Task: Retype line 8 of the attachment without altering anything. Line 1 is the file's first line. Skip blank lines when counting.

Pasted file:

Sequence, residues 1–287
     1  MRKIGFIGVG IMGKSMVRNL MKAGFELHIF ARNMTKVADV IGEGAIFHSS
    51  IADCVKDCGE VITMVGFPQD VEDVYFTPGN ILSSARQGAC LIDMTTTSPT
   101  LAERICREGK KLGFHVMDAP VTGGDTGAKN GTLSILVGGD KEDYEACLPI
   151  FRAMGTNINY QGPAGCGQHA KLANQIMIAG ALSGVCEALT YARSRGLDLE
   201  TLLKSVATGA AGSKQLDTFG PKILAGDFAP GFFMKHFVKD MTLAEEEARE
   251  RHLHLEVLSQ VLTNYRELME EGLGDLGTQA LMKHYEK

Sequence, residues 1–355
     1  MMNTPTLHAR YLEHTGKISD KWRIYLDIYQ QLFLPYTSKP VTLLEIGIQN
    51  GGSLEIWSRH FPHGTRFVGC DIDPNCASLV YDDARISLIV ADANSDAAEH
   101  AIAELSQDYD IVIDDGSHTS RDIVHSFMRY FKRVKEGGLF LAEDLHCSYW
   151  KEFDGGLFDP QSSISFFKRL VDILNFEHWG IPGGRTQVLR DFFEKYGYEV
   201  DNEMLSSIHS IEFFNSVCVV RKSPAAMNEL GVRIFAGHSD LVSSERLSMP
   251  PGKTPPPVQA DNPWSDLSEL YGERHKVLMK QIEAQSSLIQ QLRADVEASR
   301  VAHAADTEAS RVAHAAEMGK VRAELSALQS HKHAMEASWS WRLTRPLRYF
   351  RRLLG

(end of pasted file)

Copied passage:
Sequence, residues 1–355